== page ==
Ssekikubo Blasts Opposition MPs for Failing to Support Censure of the Four Parliamentary Commissioners

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In a recent press conference held at Parliament,launched a scathing attack on opposition MPs for their conspicuous absence in signing the motion to censure four MPs on the Parliamentary Commission. Criticizing their reluctance, Ssekikubo questioned the Opposition’s initial promises to fight corruption, wondering why they are now shying away from such an important opportunity.

Ssekikubo expressed his disappointment at the lack of participation from Opposition MPs in the motion to censure the four parliamentary commissioners. While he had hoped to close the registration of signatures for the motion this week, he revealed that it is mainly NRM MPs who are actively involved in the exercise.

“The hallmark of NRM is clean leadership. We fight for accountability and transparency. Yet the Opposition MPs are wobbling, hiding, and refusing to take a stand. They must fulfill their duty as representatives and come forward to hold Parliament accountable,” Ssekikubo stated.

The outspoken MP emphasized that only 177 signatures are required to initiate the censure process, urging all MPs not to run away from the debates in Parliament. Ssekikubo argued that the accused commissioners should be given an opportunity to explain themselves regarding the alleged misallocation of UGX 1.7 billion among the commission members. After all, Parliament is meant to serve as a platform for transparency and accountability.

“Where are those MPs who boasted of championing accountability and transparency?” Ssekikubo asked, questioning the commitment of opposition MPs who had made promises to fight corruption and address poor service delivery during their election campaigns.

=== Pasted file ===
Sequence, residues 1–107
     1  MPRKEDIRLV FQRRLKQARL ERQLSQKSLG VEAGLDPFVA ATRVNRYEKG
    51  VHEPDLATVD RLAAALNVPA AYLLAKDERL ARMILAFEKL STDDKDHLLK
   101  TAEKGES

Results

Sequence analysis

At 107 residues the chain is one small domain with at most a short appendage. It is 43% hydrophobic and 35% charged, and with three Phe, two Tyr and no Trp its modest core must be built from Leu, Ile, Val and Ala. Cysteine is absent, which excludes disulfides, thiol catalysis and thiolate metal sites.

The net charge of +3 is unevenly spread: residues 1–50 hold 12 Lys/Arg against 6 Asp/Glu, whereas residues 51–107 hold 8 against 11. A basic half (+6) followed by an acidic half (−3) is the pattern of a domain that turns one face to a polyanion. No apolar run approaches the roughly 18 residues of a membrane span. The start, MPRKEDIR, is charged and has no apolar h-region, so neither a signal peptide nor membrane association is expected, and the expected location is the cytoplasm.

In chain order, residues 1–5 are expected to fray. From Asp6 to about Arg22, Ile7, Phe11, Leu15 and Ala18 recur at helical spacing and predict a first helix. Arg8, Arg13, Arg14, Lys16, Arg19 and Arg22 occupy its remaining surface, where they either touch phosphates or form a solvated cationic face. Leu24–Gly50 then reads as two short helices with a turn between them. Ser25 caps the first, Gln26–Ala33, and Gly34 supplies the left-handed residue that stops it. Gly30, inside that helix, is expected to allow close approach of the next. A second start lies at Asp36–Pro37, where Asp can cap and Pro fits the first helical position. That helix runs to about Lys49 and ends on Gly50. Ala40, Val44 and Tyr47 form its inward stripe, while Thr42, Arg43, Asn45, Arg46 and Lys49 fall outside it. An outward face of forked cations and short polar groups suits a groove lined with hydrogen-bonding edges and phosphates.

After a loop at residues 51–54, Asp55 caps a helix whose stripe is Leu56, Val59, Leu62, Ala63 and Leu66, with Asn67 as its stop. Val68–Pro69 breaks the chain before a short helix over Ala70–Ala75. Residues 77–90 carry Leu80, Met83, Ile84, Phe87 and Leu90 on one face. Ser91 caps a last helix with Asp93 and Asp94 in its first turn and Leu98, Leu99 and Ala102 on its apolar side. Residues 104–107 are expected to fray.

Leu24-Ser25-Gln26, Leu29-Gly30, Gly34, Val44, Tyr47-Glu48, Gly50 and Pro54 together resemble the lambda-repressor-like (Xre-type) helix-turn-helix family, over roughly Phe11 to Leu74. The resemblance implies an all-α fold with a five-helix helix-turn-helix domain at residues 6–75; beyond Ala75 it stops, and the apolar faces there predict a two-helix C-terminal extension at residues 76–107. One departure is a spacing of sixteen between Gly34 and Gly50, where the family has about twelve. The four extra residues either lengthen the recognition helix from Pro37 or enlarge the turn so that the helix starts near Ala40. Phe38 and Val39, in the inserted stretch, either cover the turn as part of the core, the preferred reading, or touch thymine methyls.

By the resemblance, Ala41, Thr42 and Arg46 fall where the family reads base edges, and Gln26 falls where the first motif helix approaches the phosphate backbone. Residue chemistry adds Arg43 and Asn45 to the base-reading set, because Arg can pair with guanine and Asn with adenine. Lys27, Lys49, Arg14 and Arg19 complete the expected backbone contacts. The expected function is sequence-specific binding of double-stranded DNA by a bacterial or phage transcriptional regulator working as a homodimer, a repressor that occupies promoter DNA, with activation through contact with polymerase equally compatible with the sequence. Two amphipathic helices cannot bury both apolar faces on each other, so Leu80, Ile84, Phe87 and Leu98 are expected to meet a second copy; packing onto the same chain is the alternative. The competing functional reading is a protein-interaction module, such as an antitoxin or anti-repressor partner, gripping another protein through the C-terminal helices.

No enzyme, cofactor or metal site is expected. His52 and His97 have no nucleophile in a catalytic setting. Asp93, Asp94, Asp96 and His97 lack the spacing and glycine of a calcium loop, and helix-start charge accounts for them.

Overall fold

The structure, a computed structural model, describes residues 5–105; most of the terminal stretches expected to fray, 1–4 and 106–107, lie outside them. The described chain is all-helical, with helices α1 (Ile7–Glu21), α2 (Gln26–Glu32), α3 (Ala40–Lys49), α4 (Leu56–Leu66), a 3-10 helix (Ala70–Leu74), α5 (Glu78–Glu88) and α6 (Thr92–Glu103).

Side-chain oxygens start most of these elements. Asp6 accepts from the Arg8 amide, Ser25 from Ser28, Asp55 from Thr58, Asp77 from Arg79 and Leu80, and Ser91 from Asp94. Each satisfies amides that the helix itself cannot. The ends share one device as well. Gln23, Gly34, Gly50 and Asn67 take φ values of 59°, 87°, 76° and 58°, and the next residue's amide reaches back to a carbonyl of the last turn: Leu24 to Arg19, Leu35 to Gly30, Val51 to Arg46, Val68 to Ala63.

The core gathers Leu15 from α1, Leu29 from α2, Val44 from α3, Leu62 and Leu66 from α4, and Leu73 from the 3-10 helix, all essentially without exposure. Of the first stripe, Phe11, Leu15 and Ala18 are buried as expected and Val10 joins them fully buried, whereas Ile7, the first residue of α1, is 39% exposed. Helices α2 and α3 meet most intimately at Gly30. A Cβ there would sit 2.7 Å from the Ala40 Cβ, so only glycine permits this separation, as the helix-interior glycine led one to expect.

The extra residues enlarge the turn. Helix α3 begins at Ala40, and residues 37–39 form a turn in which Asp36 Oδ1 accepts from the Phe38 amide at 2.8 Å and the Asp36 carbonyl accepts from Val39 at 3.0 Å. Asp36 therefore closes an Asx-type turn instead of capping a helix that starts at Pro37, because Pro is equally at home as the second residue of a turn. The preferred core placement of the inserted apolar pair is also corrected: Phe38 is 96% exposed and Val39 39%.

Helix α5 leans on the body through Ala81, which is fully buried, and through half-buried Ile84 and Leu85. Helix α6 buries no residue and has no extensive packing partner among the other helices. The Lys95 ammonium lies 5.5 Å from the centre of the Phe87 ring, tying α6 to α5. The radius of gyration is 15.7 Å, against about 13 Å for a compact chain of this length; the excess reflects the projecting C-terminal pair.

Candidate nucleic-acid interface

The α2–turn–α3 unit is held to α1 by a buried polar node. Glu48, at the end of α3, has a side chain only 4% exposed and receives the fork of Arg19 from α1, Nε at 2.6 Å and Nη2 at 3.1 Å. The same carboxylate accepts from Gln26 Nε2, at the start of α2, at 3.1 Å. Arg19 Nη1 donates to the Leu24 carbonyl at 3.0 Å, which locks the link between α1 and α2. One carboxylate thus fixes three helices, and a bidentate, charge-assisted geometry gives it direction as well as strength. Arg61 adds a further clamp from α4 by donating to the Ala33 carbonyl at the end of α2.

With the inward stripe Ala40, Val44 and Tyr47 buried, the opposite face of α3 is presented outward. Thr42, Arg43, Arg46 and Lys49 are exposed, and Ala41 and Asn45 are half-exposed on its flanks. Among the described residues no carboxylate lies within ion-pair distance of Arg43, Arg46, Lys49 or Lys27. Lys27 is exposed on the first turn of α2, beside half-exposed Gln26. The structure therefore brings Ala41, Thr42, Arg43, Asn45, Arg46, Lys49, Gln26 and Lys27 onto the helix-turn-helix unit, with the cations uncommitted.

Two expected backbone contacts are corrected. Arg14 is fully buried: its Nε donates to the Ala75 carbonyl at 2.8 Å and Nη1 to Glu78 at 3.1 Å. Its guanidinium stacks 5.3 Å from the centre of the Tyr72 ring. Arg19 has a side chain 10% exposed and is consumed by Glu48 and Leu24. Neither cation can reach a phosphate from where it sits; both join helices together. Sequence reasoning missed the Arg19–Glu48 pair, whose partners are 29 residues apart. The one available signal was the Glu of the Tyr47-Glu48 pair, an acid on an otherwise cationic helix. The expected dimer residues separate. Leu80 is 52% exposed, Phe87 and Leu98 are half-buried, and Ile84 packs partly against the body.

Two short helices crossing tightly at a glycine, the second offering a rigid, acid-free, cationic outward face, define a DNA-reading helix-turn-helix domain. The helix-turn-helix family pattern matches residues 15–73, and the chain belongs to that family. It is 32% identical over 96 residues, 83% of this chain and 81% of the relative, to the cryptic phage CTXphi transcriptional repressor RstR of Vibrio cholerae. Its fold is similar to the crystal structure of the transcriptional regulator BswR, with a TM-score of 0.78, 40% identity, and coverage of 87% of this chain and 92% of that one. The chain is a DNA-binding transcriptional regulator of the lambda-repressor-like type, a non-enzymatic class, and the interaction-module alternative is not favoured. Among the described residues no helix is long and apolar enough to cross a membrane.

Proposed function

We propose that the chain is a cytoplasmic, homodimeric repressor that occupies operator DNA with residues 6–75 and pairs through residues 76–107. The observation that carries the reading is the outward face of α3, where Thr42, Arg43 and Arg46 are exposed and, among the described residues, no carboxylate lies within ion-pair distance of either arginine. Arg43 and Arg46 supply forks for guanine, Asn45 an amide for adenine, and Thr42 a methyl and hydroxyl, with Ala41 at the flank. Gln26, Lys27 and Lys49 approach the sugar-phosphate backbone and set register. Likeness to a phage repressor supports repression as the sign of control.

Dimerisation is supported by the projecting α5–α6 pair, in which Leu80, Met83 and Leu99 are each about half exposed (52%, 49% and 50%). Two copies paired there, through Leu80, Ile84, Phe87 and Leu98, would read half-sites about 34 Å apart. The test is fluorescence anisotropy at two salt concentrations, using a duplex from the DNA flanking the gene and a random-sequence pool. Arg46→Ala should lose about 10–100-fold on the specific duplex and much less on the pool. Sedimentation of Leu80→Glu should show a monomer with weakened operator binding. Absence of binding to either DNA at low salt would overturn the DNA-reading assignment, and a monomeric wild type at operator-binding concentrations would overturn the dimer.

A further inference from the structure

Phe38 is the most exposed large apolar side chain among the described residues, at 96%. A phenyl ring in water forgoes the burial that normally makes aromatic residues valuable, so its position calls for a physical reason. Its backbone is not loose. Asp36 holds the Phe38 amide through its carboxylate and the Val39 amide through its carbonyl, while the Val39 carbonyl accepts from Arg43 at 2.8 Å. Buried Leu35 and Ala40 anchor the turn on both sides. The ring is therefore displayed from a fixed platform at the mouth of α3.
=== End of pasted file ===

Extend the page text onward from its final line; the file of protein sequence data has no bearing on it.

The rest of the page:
This development comes on the heels of a statement released on May 21, 2024, by a group of MPs demanding the censure of Esther Afoyochan (Zombo DWR), Prossy Akampulira (Rubanda DWR), Solomon Silwany (Bukooli Central), and Mathias Mpuuga (Nyendo-Mukungwe). These commissioners are accused of awarding themselves unauthorized service awards totaling Shs1.7 Bn, along with a monthly salary of Shs 23 M, without seeking parliamentary approval.

As the debate surrounding the censure motion intensifies, the public now awaits the response and explanation from the accused commissioners, who will have an opportunity to clarify their actions before Parliament. The case has once again highlighted the importance of accountability and transparency within the government as it moves towards ensuring the highest standards of governance.

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